So within Christian circles marriage was widely accepted as a private issue between two people who decided to live with each other without the involvement of the church… In England this continued till 1753 when the marriage act was drawn up and it become law that a Church of England priest had to officiate at the wedding for it to be legal.

Therefore it seems that the role of the church and marriage is in instructing believers how to act within the marriage boundaries and not making rules and regulations for society in which the church lived. Many societies allowed for multiple wives. Some societies had rules for men not marrying until they were over the age of 30. Some societies tolerated homosexual relationships. Other societies didn’t.

This then is why I believe that the church shouldn’t be standing in the way of anyone getting married within a societal level, no matter their gender or standing. The role of the Church is to spread the good news of the Gospel of Jesus Christ, that through Him relationship with God is offered freely to all.

all references from http://en.wikipedia.org/wiki/Marriage

About Craig Benno

I'm an average aussie guy who has lived perhaps a not so average life.
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6 Responses to Marriage and the Church

  1. Vern says:

    I still have no clue how you can arrive at the conclusion that marriage is not a God ordained instituition. Marriage and Sabbath are the only 2 institutions in effect since creation, and they are both pictures of our relationsip with Him

  2. Craig Benno says:

    There is a huge difference between marriage reflecting the covenant we have with God as believers and marriage within society.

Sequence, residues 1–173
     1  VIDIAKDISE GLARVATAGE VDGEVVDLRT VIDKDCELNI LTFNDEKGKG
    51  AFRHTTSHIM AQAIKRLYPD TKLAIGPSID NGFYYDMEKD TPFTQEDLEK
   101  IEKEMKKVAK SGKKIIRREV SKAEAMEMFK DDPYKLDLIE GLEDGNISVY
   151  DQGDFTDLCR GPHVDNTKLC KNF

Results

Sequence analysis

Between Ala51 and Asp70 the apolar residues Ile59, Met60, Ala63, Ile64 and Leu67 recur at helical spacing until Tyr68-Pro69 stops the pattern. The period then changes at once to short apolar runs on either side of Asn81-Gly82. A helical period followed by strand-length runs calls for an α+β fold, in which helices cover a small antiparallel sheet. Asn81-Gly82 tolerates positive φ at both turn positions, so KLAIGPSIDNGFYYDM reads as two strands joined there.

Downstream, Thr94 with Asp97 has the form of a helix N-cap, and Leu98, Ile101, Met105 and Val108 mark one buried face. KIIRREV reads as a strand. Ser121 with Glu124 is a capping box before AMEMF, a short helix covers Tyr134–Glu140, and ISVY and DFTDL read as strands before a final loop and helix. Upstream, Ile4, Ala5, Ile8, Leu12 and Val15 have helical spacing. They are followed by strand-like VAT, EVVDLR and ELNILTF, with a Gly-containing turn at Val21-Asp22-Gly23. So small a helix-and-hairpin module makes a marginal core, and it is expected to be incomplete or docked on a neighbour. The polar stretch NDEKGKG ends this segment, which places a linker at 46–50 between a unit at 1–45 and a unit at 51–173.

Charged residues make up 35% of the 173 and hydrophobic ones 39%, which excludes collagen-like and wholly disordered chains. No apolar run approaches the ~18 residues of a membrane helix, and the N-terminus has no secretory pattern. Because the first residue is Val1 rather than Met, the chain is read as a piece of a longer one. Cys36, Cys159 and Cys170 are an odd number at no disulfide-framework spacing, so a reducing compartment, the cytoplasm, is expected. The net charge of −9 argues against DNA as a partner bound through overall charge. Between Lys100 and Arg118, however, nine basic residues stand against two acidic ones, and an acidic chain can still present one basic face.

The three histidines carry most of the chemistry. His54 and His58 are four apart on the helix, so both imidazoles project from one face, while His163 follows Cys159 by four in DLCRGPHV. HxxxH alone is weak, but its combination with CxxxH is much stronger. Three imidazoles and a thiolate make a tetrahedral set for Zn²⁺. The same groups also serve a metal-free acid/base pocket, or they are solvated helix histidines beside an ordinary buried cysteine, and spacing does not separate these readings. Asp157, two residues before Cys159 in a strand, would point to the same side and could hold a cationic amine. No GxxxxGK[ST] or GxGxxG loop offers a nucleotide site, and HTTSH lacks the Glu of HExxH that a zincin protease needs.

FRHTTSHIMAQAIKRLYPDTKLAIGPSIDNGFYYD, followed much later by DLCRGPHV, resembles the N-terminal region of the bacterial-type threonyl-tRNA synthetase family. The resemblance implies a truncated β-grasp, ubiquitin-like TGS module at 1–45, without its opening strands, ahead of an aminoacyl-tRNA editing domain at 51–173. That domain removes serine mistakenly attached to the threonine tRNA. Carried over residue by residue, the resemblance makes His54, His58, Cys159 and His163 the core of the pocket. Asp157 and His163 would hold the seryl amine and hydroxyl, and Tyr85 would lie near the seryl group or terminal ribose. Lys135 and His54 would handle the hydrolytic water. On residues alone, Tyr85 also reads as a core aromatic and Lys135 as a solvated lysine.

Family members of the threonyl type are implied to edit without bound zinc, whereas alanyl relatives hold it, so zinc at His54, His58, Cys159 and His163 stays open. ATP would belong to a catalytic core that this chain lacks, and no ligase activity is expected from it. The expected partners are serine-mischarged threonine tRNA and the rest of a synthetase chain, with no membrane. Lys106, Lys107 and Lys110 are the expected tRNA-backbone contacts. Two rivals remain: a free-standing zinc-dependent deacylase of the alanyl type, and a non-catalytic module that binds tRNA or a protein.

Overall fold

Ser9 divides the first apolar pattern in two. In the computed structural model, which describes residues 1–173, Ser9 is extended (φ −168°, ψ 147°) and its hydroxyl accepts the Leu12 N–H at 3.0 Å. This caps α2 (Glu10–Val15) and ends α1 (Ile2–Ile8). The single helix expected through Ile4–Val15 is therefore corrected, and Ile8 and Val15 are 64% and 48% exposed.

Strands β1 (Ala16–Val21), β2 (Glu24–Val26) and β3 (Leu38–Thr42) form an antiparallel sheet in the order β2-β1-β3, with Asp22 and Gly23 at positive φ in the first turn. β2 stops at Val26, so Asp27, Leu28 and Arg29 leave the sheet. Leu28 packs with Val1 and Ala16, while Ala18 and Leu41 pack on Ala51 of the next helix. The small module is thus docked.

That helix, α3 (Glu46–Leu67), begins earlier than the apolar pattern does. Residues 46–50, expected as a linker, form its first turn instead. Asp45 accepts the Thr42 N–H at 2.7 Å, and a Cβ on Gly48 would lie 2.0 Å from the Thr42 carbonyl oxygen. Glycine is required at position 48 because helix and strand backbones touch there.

Scripture never tells us to dominate society with laws, rather it tells us how to live as the faithful within the Christian community which is a subset of society. Take Pauls teaching about monogany relationships. He was teaching the Christian community and not making laws about society which accepted multiple wives.

    Marriage of its self is not a godly precept… just because someone weds doesn’t then make them godly. Just because they don’t, doesn’t either. Take the story of Noah and the flood… society was busy eating, working, marrying…..all of these are good things to do, even godly… yet non of these things made society right …for they still ignored God…and missed his grace through the ark.

    Our mandate as Christians is not to go and rebuke society, to make laws within society; rather it is to make Christ known…preach the Gospel message and then train up believers as to how they are to go.

    We live in the world. Scripture teaches us how as Christians we are to live in the world…not to make judgements on the world.

  3. Rob says:

    I would be curious to see how you would understand 1 Corinthians 7: 36 if you think that sex and cohabitation qualifies as marriage.